Q: We own a home in Silver Spring that’s worth at least $500,000. We have as a first
trust a 30-year, fixed-rate loan with a balance of $200,000 at a rate of 6.25 percent. We also have a home-equity line with a $100,000 limit and a $20,000 balance. The rate on the line is equal to the prime rate plus half a percentage point.
We plan on putting an addition on the house that is estimated to cost $125,000. My husband thinks we should finance the addition with the equity line by going to the bank and asking for a higher limit. His logic is that we will spend only what we need and when we need it. I think we should refinance our first trust and get cash out.
What do you think?
A: I understand and agree with your husband’s logic, but I think you are wise to do both. That is, refinance your first trust and have an equity line available.
Let me explain.
First, if you follow your husband’s plan, you will have $200,000 in a fixed-rate loan and $125,000 in a variable-rate loan. This would mean that more than 38 percent of your total mortgage debt would be subject to market fluctuations. That’s like having an investment portfolio that is too heavily weighted in risky stocks.
In the short term, we can expect the rate on your equity line to rise a bit more. Over a period of many years, it’s anyone’s guess as to where it the rate will go.
If you look at market rates, refinancing makes compelling sense. As of this writing, a zero-closing-cost, 30-year, fixed-rate refinance carries a rate that’s less than 6 percent. Prime plus ½ percentage point is equal to 6.25 percent and likely to continue to rise.
By refinancing, you can kill not one or two, but three birds with one stone.
First, you can lower the rate on your outstanding balance by at least 1/4 percentage point.
Second, you can take cash out to pay for the addition at a lower rate than what’s being offered with the equity line.
Third, you can eliminate interest-rate risk by fixing the entire ball of wax for 30 years.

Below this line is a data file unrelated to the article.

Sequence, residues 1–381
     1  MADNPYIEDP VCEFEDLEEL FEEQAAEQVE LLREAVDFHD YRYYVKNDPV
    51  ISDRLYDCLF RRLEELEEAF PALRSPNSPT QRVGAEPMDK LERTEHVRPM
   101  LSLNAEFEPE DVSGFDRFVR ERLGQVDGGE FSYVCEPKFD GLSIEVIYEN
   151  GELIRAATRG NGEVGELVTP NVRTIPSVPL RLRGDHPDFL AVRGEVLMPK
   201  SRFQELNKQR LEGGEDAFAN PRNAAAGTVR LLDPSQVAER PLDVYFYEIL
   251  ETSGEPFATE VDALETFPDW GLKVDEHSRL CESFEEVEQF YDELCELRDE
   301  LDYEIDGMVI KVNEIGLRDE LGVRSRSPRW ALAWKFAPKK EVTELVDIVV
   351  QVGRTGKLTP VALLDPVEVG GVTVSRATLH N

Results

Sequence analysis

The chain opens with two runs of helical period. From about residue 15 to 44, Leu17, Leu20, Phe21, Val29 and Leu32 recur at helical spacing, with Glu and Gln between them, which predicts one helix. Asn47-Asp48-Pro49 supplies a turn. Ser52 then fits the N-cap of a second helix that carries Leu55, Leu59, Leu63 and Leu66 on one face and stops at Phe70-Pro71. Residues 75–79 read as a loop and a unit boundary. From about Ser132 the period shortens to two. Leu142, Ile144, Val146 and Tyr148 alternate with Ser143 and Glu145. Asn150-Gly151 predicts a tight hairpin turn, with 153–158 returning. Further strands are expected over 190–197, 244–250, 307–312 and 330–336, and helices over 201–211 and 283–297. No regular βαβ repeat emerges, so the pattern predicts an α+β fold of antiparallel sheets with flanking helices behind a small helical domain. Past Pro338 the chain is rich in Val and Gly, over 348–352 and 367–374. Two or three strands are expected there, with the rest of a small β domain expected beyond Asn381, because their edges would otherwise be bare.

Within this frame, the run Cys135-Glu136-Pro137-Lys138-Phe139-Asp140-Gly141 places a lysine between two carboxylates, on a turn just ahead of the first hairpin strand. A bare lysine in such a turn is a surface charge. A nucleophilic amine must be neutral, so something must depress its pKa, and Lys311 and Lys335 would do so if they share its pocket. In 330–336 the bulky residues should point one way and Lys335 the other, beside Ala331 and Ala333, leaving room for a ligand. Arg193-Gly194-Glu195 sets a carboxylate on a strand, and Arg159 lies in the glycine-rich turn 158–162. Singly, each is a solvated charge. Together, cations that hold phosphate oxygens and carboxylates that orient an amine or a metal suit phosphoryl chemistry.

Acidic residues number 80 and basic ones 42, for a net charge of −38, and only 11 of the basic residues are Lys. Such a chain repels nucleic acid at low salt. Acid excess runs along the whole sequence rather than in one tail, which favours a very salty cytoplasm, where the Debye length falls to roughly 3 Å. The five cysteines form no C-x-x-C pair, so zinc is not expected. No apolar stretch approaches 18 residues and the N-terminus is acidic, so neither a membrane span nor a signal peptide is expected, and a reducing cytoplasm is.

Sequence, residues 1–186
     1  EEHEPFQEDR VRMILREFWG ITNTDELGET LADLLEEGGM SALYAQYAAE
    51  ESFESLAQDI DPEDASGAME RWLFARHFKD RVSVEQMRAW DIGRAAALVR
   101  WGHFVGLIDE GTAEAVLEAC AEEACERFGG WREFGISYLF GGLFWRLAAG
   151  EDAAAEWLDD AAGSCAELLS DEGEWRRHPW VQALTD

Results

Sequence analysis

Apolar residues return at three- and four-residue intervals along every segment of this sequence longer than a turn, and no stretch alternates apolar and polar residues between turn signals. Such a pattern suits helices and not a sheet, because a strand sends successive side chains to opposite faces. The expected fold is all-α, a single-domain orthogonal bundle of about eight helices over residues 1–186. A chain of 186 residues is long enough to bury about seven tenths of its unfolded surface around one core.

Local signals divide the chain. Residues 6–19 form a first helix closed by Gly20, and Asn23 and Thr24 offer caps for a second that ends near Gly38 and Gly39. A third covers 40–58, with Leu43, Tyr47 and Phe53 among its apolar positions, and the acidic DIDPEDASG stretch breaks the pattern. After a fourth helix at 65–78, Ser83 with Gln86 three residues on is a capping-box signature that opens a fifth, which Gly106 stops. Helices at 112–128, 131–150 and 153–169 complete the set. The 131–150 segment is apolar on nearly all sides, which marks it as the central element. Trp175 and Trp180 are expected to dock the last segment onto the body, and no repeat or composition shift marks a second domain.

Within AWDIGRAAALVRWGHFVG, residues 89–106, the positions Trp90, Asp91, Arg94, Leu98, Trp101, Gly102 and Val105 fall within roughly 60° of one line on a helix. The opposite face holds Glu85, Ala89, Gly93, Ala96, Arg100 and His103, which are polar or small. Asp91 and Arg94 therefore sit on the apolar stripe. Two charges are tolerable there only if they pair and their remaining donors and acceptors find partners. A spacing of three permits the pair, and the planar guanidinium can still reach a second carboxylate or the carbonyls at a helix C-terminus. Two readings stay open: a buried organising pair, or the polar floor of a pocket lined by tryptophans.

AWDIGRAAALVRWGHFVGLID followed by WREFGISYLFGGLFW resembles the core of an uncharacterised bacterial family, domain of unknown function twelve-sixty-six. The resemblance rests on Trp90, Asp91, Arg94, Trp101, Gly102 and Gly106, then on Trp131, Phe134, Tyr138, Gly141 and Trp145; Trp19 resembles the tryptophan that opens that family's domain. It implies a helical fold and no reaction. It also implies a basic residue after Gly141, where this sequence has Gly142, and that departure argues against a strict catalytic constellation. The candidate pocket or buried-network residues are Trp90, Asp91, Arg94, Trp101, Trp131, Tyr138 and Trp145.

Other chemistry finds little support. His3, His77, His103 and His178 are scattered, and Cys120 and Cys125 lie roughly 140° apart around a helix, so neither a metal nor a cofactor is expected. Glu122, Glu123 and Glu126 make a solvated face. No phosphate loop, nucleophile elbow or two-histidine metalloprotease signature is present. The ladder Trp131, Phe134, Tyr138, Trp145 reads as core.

But as I said, your husband has a point. The cost of an addition often changes as construction progresses. In paying for the addition entirely with cash-out refinancing, you would have to know the exact cost of the addition ahead of time, which is unlikely. You may end up short at the end of the day. Or you may end up borrowing more than you want.
My advice is to refinance your first trust for $330,000. This would give you enough cash to pay off the first trust, pay off the equity-line balance and leave you with about $110,000 in cash. Keep the existing line open, and pay the rest of the addition cost with the equity line.
If your estimate is close, you would only need $15,000 from the line.
This is, indeed, a small and acceptable portion of your total debt that would be subject to interest-rate changes. Because the amount of cash received from the refinancing will be a little less than the total cost of the addition, you know that you won’t be borrowing too much. The equity line allows you to borrow the last bit when you need it.
The only downside to this approach is the carrying cost of the $110,000 cash. This money won’t be needed all at once, but you will need to pay the interest as soon as the refinancing closes.
In my view, the interim interest cost is a small price to pay when the alternative is to have almost 40 percent of your mortgage debt subject to the whims of the Federal Reserve Board.
Henry Savage is president of PMC Mortgage in Alexandria. Contact him by e-mail (email@example.com).